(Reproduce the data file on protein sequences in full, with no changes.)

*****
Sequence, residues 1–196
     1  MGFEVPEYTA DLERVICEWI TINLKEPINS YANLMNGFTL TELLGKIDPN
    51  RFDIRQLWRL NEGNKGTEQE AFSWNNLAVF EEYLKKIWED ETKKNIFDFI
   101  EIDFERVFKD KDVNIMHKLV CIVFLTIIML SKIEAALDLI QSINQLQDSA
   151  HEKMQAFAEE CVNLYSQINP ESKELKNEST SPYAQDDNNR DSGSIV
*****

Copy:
Sequence, residues 1–196
     1  MGFEVPEYTA DLERVICEWI TINLKEPINS YANLMNGFTL TELLGKIDPN
    51  RFDIRQLWRL NEGNKGTEQE AFSWNNLAVF EEYLKKIWED ETKKNIFDFI
   101  EIDFERVFKD KDVNIMHKLV CIVFLTIIML SKIEAALDLI QSINQLQDSA
   151  HEKMQAFAEE CVNLYSQINP ESKELKNEST SPYAQDDNNR DSGSIV